Alaska Department of Fish and Game
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Definition of Terms
- Anadromous Fish
"Anadromous Fish" means a fish or fish species that spends portions of its life cycle in both fresh and salt waters, entering fresh water from the sea to spawn and includes the anadromous forms of pacific trouts and salmon of the genus Oncorhynchus (rainbow and cuththroat trout, and Chinook, coho, sockeye, chum, and pink salmon), Arctic char, Dolly Varden, sheefish, smelts, lamprey, whitefish, and sturgeon.
"Banks" means the portion of the stream channel cross section that restricts the lateral movement of water at normal bank-full levels. Often exhibiting a distinct break in slope from the stream bottom.
"Bed" means the substrate, bounded by the stream banks, over or through which the water column flows.
- Braided Channels
"Braided Channels" means the intertwined branches or secondary channels of a river or stream and characterized by the separation and rejoining of two or more channels separated by bars or islands.
- Mean high water
"Mean high water" means a tidal datum used in referring to tidelands or the tidally affected portion of a stream, that is equal to the average of all high tides over a 19-year Metonic cycle, as established by the National Oceanic and Atmospheric Administration.
- Mean lower low water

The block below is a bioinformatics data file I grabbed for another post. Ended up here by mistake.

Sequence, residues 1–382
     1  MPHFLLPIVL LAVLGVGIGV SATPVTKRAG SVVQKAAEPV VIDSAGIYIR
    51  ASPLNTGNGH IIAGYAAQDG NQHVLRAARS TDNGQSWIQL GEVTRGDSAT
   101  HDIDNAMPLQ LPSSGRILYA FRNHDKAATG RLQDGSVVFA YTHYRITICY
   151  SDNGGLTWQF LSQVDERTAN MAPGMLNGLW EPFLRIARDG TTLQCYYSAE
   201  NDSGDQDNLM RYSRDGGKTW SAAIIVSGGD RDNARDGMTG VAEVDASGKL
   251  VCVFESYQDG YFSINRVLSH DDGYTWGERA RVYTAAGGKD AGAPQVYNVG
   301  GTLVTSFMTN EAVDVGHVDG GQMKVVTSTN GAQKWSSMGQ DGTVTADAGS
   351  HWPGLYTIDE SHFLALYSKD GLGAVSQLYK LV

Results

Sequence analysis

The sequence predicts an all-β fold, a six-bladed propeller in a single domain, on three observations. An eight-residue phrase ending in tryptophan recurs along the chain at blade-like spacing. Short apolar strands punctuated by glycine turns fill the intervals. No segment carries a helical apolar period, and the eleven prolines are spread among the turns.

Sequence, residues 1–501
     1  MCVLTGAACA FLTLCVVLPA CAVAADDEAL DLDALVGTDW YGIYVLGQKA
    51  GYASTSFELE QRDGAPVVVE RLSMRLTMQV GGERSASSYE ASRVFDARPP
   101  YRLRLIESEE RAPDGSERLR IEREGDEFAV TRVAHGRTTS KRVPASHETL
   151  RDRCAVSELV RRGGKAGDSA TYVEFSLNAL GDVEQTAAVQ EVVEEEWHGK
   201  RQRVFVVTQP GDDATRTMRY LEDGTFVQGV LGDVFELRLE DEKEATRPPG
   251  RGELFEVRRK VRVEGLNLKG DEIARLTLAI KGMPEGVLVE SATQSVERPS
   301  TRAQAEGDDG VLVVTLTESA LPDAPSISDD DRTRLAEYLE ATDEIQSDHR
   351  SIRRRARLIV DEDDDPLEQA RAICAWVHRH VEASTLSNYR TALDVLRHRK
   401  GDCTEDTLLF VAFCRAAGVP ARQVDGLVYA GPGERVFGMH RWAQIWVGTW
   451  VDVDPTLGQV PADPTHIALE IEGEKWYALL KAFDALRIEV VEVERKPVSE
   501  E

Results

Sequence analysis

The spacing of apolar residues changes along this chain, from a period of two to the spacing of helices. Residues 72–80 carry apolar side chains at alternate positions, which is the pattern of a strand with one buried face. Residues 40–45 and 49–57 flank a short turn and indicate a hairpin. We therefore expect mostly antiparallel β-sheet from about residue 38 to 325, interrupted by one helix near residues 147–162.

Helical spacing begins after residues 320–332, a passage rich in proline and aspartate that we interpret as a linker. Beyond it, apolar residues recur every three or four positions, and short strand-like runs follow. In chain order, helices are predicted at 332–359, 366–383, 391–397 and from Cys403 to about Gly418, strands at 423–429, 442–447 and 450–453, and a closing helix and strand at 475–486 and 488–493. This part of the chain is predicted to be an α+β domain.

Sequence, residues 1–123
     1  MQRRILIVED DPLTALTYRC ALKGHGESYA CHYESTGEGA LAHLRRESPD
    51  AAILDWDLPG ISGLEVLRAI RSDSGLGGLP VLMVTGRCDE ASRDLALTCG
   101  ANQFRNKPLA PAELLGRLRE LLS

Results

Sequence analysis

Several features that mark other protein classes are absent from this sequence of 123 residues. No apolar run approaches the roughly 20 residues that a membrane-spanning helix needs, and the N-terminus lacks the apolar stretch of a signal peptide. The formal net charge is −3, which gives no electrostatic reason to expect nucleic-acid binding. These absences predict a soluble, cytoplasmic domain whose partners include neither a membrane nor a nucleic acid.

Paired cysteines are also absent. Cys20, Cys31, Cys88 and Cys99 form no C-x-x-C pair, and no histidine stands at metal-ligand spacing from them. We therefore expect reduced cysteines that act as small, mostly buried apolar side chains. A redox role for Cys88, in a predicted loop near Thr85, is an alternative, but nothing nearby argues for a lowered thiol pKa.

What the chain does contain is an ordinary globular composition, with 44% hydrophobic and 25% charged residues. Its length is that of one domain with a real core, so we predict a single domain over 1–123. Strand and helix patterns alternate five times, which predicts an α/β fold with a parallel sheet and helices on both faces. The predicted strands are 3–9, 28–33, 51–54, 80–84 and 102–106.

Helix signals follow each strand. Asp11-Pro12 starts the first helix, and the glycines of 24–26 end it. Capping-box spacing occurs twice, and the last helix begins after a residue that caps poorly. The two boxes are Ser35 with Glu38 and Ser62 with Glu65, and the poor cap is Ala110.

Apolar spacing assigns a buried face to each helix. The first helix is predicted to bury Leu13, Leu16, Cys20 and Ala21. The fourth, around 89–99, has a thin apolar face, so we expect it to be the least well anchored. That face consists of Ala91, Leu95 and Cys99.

"Mean lower low water" means a tidal datum used in referring to tidelands or the tidally affected portion of a stream, that is equal to the average of the two low tides of each day over a 19-year Metonic cycle, as established by the National Oceanic and Atmospheric Administration.
- Ordinary High Water Mark
Ordinary High Water Graphic * (PDF 2,291 kB) "Portion of the bed(s) and banks, up to the ordinary high water mark (OHW)" means
- (A) in the non-tidal portion of a river, lake or strea: the portion of the bed(s) and banks up to which the presence and action of the non-tidal water is so common and usual, and so long continued in all ordinary years, as to leave a natural line or "mark" impressed on the bank or shore as indicated by erosion, shelving, changes in soil characteristics, destruction of terrestrial vegetation, or other distinctive physical characteristics;
- (B)in a braided river, lake, or stream: the area delimited by the natural line or "mark," as defined in Part A above, impressed on the bank or shore of the outside margin of the most distant channels; or
- (C) in the tidally influenced portion of a river, lake, or stream: the portion of the bed(s)
and banks below the
- OHW as described in A or B above, or
- mean high water elevation; whichever is higher at the project site.
- Riparian Vegetation
"Riparian Vegetation" s the plant life that occurs adjacent to a waterway and functions to buffer (or protect) the water body. Riparian buffers [Riparian Management Zone (RMZ)] perform a range of functions: trap/remove sediment from runoff; stabilize stream bans and reduce channel erosion; trap/remove phosphorus, nitrogen and other nutrients that can lead to eutrophication of aquatic ecosystems; trap/remove other contaminants such as pesticides; store flood waters, thereby decreasing damage to property; maintain habitat for fish and other aquatic organisms by moderating water temperatures and providing woody debris; provide habitat for terrestrial organisms; improve the aesthetics of stream corridors (which can increase property values); offer recreational and educational opportunities (based on Schueler 1995a, Malanson 1993).